Tomorrow I head back to the infectious disease doctor for test results that will point either to a problem in that area or possibly back to the adrenal insufficiency to explain the fevers, fatigue, diarrhea, pain, etc. . . that I have been suffering from. Soon I will have the biopsy on my thyroid that will help determine what is up with the nodules. Each day will be a new worry, but hopefully also a new answer. During times like these, it is sometimes tough to remember that the bad times never last forever.


Anonymous said...

Wow, you have a lot going on right now. I'm cheering you on as you take it one day, or one hour, or even one minute at a time. It's good that you have a doctor who understands and is willing to work with you (the pain doctor). You also have the infectious disease doctor who is looking at all angles of what is wrong. And you have family and friends (online ones too!) who care. Keep us posted as to what is going on. Keep the faith hun. (((HUGS))) and prayers.

Anonymous said...

Remember I'll be there for you.We'll make it through with God to guide us.


Maureen Hayes said...

Thanks for the support guys, it means a lot to me. It isn't easy to write the truth when it is so painful, it meant more than you know that you both responded so warmly.

Thank God for good friends and good family!


Anonymous said...

Maureen, Pain and managing it are one of the greatest challenges of living with chronic illness arn't they? We don't want to have to take meds, but we can't function with unbearable pain. Finding a doctor who will help us manage the pain and medication, it can all be absolutely overwhelming.

I so understand the anxiety of changes to a pain regime that's working. If someone were to change mine right now, it would be pretty darn scarey to think of the pain I'd be in.

I'm glad your doc. is a good one with your best interest. I am thinking of you and yes "cheering" for you through this time of Pain and pain management transition. Cyber hug-- Kerry

Anonymous said...

If the pain management is working, why do you have taper the pain medication? I hope your doctor gave you a very good reason.
I also went through many years of untreated or under-treated pain. Currently I have good pain management, but I live in fear of going back to the old days. Pain medication has allowed me to resume a good and productive life. Sometimes tapering meds is not the answer.

Maureen Hayes said...

Just as an update--I am back now on my original dose. I did a full week of a slow taper and had pain, so the doctor bumped me back up. Perhaps I can try at another time to see if I am able to function on less medication, but for now I needed to be where I am.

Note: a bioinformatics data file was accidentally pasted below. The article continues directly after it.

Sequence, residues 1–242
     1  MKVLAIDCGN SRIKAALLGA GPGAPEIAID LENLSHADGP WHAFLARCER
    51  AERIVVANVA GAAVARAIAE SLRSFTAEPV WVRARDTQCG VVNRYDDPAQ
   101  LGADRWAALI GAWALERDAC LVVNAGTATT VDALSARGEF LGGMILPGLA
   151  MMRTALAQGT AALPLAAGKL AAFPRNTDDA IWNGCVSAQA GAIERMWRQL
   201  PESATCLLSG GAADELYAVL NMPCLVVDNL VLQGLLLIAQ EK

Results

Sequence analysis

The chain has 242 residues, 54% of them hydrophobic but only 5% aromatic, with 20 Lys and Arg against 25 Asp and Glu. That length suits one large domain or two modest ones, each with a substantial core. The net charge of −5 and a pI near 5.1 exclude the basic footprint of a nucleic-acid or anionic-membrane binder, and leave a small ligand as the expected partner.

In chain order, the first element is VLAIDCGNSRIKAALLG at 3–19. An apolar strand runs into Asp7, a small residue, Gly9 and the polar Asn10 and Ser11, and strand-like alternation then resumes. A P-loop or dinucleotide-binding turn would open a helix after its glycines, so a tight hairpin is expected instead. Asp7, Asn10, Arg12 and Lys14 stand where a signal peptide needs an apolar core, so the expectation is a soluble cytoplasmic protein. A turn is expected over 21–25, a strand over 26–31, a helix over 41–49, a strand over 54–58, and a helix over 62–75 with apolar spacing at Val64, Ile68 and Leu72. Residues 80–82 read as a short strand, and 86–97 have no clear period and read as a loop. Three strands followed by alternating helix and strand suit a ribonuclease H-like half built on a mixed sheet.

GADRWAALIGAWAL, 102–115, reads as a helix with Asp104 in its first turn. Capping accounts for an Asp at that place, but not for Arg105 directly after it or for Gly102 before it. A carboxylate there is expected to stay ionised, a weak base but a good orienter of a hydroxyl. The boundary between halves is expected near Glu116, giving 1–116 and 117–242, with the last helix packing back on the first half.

I appreciate the support and the understanding. So many people who don't deal with pain don't understand that when it isn't treated properly, you can't live. A diabetic wouldn't be denied insulin, but when it comes to pain management so many people seem to automatically assume addiction will be an issue that they allow people to suffer. I am lucky to have finally found a good pain management doctor, but I still remember the terrible suffering I went through before I found him.

Thanks for your thoughtful comments.

Love and gentle hugs,

jeisea said...

Hi Maureen
I remember how abandoned I felf when told medication was no longer an option for me. I searched for a long time before I found some non med things that help. What I did discover is that the body is resilient. You adjust to the greater level of pain and find that you cope as you were before. The benefit you will get is a greater ability to think without side effects of meds. Living with chronic pain/illness is a swings and round abouts experience. I feel for you now but sense you are a strong woman. Take care of you.

Kara S. said...

Thanks for stopping by today, Maureen. {{{Hugs}}} to you as you deal with your pain. My hubby suffers from RSD and RA so we've been down the road of a pain management clinic - it wasn't a good experience for us. After the first 3 months, we never saw the doc again, only nurse practioners who were totally clueless. Thankfully, our general practitioner saw the problem and took over the pain mgmt.

When you have some time, send me an email so we can chat about writing and publishing. E-mail addy should be in profile.

Anonymous said...

You are in my prayers.